Part 3, Note 34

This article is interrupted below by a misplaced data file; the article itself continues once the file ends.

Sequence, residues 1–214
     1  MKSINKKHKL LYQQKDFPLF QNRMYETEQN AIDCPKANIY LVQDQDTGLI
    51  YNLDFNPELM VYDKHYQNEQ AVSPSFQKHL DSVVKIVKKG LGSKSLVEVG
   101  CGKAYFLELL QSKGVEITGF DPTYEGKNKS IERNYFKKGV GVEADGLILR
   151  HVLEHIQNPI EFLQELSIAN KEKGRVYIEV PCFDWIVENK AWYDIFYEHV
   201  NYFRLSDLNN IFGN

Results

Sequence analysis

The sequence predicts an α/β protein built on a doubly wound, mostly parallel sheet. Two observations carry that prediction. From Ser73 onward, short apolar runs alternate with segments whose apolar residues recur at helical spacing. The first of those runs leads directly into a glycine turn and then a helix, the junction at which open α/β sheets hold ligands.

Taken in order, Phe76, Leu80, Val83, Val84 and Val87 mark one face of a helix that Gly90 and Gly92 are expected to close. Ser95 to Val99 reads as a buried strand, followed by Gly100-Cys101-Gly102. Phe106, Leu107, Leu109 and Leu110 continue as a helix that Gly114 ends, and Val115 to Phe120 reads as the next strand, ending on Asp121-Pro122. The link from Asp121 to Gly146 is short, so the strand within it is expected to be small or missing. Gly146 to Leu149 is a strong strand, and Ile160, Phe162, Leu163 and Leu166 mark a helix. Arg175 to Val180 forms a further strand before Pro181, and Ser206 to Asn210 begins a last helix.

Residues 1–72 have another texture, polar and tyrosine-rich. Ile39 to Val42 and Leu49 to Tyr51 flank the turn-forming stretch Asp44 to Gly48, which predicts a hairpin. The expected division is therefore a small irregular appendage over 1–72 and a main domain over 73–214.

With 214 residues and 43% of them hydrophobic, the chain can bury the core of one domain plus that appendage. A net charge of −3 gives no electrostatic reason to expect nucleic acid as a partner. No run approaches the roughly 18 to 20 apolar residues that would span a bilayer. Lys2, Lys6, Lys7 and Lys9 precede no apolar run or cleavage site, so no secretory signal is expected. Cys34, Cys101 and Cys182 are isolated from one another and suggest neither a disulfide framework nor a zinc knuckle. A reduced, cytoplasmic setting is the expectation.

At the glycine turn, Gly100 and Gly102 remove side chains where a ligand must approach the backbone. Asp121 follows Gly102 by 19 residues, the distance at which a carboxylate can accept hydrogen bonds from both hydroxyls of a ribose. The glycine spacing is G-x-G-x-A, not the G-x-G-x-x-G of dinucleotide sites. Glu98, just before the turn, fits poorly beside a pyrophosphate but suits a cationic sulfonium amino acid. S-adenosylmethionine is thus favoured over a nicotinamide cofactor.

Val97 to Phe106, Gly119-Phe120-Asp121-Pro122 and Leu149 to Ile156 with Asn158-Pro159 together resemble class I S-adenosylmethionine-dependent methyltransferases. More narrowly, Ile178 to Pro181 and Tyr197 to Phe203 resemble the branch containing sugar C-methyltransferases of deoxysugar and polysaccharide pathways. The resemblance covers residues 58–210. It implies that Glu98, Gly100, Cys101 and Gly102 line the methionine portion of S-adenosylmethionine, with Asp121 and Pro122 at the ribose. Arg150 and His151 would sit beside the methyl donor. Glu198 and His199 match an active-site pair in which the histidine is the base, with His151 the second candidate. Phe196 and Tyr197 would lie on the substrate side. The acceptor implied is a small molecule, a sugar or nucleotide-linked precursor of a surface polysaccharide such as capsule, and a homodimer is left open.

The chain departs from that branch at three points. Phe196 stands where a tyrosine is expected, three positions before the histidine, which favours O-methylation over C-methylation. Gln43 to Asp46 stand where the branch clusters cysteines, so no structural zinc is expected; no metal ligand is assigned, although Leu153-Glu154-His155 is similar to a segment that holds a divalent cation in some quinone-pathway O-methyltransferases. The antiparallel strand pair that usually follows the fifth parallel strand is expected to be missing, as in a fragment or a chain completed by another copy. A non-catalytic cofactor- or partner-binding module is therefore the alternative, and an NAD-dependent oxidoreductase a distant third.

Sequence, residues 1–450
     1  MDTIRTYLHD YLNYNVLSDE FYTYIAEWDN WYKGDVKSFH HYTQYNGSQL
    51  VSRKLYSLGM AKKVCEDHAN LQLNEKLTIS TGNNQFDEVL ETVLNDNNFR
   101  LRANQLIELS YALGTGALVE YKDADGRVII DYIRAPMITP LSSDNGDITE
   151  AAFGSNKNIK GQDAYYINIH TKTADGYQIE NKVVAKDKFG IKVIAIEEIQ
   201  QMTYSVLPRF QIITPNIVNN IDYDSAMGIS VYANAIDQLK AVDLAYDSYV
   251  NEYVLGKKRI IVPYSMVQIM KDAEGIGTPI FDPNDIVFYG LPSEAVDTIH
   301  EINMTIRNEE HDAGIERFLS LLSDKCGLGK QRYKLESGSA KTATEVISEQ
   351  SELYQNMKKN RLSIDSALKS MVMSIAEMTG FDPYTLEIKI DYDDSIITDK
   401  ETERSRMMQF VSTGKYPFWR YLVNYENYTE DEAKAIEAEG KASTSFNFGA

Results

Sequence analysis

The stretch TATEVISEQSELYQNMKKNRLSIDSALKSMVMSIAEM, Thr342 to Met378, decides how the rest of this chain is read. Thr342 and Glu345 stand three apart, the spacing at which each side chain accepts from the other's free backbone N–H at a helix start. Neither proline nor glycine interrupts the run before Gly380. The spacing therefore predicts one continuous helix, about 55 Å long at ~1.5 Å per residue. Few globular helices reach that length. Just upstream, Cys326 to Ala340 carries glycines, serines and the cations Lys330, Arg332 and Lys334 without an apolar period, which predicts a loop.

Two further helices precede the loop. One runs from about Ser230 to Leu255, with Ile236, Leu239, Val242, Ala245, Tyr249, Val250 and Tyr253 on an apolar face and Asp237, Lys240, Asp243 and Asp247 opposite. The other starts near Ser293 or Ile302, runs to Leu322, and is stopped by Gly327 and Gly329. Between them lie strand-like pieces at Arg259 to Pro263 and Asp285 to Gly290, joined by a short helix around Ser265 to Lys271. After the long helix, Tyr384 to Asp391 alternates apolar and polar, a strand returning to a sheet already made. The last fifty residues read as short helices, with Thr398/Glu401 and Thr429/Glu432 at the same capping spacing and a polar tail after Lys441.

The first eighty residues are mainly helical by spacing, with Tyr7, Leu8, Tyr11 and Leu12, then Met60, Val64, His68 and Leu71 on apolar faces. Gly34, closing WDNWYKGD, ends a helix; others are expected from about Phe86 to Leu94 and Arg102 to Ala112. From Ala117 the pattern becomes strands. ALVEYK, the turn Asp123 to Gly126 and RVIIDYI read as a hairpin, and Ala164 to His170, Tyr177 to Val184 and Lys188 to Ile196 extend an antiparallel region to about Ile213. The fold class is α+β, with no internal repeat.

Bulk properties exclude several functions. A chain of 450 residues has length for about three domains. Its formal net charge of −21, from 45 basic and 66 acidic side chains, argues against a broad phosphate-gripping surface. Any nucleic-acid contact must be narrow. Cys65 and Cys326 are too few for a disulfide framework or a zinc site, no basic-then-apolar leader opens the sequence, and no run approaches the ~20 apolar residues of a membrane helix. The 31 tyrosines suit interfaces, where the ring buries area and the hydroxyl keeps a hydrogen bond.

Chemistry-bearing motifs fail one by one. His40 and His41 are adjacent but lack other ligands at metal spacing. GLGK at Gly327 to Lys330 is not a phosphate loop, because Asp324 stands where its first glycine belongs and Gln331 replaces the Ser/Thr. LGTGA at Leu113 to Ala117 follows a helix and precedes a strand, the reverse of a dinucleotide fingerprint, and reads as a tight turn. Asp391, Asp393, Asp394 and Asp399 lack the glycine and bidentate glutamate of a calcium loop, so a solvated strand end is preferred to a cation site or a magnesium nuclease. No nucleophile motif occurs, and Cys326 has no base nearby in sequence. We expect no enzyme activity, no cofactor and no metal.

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C. C. Cody, "Rev. Martin Ruter, A. M., D. D.," The Texas Methodist Historical Quarterly, vol. 1, no. 1, July 1909, pp. 20, 21, 27, 33, which quote from journals and letters written by Ruter; Colorado County Deed Records, Book A, p. 259, Book E, pp. 330, 549; Colorado County Marriage Records, Book B (the Egypt weddings appear on pp. 13, 20-21, 30-31); Dewees, Letters from an Early Settler of Texas, pp. 137, 307; Zachariah Nehemiah Morrell, Flowers and Fruits from the Wilderness (Boston: Gould and Lincoln, 1872), p. 73; John S. Menefee, "Early Jackson County History," Jackson County Clarion, May 20, 1880 (or quotation on p. 219 of Louis Wiltz Kemp, The Signers of the Texas Declaration of Independence (Salado: The Anson Jones Press, 1949)). One must wonder whether it was Dewees or his secret co-author, Emanetta Cara Kimball, who made the remark about the sermon into a mild complaint. Morrell, a preacher who began his ministry in Texas in 1836, but who, unhappily, spent little time in the Colorado County area, provides a good picture of the early colonist's response to his efforts. He tells of an 1838 religious service that was intentionally and continually disrupted by a number of men on the porch until he struck one, who stuck his head in a window, with a cane, and remarks that, after two years in Texas, "if a single soul had been converted under my ministry I did not know it" (see Morrell, Flowers and Fruits from the Wilderness, pp. 83, 89-90).